This good is likewise granted to the public in the form of disclosure, if a patent is applied for on the result.  It is also possible that the derivative good is donated to the public domain, if it is disclosed by an academic or student who publishes her findings.  However, in the latter case the ability of the public to use the knowledge is subject to the original patent entitlements.  But they can still be used, in a great hall of mirrors, for invention of still more derivative innovations, increasing exponentially the public knowledge on the matter.  With the ability to cross-license for use of the derivative invention, the ability to pay for use of the original, or the expiration of the foundational patent, this good can even reach the public in the form of a commercialized product.

Patent Law News Roundup

Posted in cyberlaw, Intellectual Property, The Law on March 15th, 2008

Apple Sued Over ITunes Technology
These articles seem aimed at the general public, not law geeks. So I did a little research. It appears that this is regarding United States Patent 7.343,414

In other news, Activision’s “Guitar Hero” violates patent: Gibson which appears to concern Patent 5,990,405 After reading this, non-lawyer hubby Vinny and I had a long debate. He came up with the idea that by licensing use of Gibson guitars in the game, they had de facto ratified the software – perhaps waiving claims? I played devil’s advocate. I thought perhaps that if it was being examined equitably, or holistically, a judge might recognize the separation of the elements of licensing the guitar and policing patent rights – the former being done by the marketing folks, and the latter by an outside firm.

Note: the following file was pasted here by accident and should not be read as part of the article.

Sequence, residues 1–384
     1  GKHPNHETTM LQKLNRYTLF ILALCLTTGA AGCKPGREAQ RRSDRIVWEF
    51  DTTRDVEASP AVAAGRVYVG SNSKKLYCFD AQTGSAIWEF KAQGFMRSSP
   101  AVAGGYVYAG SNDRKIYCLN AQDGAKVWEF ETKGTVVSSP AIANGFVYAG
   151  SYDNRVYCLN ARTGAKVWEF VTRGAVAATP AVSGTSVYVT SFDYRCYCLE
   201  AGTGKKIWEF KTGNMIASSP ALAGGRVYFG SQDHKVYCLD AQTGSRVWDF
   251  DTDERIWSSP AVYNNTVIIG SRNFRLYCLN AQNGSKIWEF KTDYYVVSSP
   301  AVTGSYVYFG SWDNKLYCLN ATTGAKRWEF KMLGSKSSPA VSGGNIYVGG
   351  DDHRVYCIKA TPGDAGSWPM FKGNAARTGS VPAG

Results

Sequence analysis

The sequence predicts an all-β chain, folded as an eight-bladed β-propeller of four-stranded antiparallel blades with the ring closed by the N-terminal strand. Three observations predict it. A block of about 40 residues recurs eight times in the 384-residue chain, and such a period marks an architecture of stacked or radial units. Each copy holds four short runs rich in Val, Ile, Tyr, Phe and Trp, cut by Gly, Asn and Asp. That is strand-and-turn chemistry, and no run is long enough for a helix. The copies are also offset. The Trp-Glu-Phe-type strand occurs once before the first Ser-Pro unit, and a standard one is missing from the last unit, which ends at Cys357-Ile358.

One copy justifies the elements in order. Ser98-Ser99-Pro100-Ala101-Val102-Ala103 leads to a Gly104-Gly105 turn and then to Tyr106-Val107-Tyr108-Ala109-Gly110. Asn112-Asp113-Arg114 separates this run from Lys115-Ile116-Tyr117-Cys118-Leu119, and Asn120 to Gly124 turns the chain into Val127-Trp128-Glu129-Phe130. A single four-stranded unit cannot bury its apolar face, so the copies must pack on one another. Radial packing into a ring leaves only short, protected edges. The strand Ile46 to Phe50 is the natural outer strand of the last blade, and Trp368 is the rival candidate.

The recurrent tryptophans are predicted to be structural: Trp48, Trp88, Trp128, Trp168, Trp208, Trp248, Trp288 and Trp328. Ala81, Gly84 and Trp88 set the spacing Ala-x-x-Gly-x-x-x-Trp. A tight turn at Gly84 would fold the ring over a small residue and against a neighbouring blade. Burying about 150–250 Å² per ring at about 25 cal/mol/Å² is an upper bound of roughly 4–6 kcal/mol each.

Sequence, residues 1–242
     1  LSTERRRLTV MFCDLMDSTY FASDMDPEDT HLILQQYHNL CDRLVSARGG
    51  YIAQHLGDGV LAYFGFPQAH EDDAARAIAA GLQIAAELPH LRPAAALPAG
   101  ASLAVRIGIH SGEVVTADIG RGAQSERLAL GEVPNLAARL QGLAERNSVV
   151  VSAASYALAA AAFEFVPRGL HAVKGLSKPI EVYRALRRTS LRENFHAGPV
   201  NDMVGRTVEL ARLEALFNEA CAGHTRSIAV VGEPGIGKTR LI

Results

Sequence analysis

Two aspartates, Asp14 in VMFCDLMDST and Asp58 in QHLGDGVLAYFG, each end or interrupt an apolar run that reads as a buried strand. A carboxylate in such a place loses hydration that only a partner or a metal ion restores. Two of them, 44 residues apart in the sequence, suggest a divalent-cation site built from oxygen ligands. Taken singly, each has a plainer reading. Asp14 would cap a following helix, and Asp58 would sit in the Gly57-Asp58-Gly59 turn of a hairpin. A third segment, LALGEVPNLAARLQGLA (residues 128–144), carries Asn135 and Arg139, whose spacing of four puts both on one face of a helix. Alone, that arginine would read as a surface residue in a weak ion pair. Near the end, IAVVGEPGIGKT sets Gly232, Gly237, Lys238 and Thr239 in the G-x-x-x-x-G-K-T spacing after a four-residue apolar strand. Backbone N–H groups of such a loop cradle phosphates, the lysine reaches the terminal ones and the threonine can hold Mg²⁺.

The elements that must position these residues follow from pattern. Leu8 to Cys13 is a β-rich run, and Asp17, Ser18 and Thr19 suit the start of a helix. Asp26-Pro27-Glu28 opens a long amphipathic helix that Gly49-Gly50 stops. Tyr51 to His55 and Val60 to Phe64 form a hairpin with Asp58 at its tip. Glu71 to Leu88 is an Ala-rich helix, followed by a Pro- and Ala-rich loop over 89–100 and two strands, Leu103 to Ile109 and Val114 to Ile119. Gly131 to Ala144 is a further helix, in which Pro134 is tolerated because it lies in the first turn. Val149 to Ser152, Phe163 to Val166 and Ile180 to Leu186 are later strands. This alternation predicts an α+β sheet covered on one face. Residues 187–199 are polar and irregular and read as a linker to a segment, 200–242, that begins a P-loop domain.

While there is no legal decision on the subject, Activision seems to agree with Vinny. The news came out after he had set forth the theory, confirming that the guy who sat in on fewer than a dozen law classes has a killer instinct for the subject. Ask me some-time about his mutual mistake theory for common-law implied obligations in marital contracts.

More about my current Cyberlaw class and the FCC hearing

Posted in The Law on February 25th, 2008

http://blogs.law.harvard.edu/webdifference/

http://www.hyperorg.com/blogger/

These are two other live blogs on the hearing, the first being the course’s blog as a whole.  The direct link to the live blog on the course website is here.